Before I returned to Merces Consulting, I spent many years working on my own and raising my family. During that time I managed to keep busy doing independent consulting, the majority of which was spent conducting market surveys for local hospitals and other compensation related activities. In doing so, I learned a valuable lesson that I’d like to pass along …
When I was employed as a Compensation Specialist for a hospital many years ago, we had a practice of calling other peer hospitals to trade salary information. We never colluded in the sense of “our hospital will pay this much if your hospital agrees to pay that much”; there was no nefarious intent. It was a simple exchange of information (usually salary range, effective date and average hourly rate) that we would then review with management and use to base our own decisions on, to ensure we were competitive. It was quite a common practice in the early 90’s and other competing hospitals called us for the exact same thing.
Since most of us revert to doing what we know, when I was on my own and asked by a client to conduct a salary survey I followed that same format; calling the hospitals identified by the client, collecting their information, averaging it all together and returning it to the client. As an incentive for sharing data, participants were also given a copy of the results. Over time, and at the client’s request, my reporting format changed. It evolved from identifying individual hospitals to assigning codes; then later, instead of reporting individual data with a hospital code I only reported individual data if there were five or more incumbents in the position and the data was at least three months old. Why such an evolution in my reporting process? Initially it was simply because I was doing what the client asked. Eventually though, I became aware of the federal anti-trust guidelines and while it may have been too late for me to go back and change my past practices, I did try to conform to them once it was brought to my attention.
Fast forward to a knock on my front door and a process server with a subpoena; I was being named in a lawsuit and had to turn over all my files related to the specific time frame involved in the case. Aside from being terrified (nothing like THAT had ever happened to me before), I was worried about my reputation and liability. I was called in to give depositions, but thankfully never asked to appear in court. The lawsuit was eventually settled, though the case dragged on for several years and let me tell you…that is one heavy monkey to have hanging on your back!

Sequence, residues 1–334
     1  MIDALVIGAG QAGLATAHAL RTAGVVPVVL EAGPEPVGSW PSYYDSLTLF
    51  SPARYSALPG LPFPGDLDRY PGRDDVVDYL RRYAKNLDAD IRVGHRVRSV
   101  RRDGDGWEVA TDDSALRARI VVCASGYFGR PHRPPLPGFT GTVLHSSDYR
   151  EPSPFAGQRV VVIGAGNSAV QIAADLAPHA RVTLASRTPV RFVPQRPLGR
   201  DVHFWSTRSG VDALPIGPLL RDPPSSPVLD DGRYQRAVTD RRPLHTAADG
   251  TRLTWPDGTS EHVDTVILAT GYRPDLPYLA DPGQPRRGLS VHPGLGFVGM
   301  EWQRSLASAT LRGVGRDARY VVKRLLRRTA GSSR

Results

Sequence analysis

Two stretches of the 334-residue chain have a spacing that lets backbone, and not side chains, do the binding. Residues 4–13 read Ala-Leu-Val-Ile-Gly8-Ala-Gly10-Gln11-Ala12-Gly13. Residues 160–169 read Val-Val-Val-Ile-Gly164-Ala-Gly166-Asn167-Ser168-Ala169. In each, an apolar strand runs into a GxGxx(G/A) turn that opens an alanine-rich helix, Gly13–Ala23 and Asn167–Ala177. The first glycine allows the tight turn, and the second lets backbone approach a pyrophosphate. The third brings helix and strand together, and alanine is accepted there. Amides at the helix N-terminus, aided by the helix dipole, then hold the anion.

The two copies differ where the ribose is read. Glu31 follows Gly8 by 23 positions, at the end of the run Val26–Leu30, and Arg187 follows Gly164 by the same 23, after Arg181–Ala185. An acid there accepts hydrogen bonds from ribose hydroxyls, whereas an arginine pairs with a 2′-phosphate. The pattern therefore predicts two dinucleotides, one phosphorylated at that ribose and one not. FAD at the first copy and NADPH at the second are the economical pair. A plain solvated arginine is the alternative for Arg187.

Lesson learned….don’t share salary data with peers in your industry. Your organization’s data belongs to your organization alone and should only be shared with qualified consulting groups. When you need market data, go to third party professionals and ask them to do the work for you. They know the rules and will follow them accordingly. If you can’t afford consultants, use published surveys which report aggregate data and age it appropriately. Don’t get slapped with a lawsuit. Don’t go through the anxiety and expense of being involved in something that could easily be avoided. And most importantly, remember that the Sherman Anti-Trust Act exists for a reason…I sure do!
Reblogged this on The Compensation Times and commented:
Wise words from Merces Consultant Linda Budd
I was quite intrigued by your situation and can empathize with the stress of going to court for your mistake. I enjoyed your suggestion to hire a third party that will be aware of the situation and will follow the correct rules in each case. I sincerely hope that anyone going through a similar situation will be aware of the consequences and what goes into consulting. I really appreciated your experience and what it taught you. Thank you.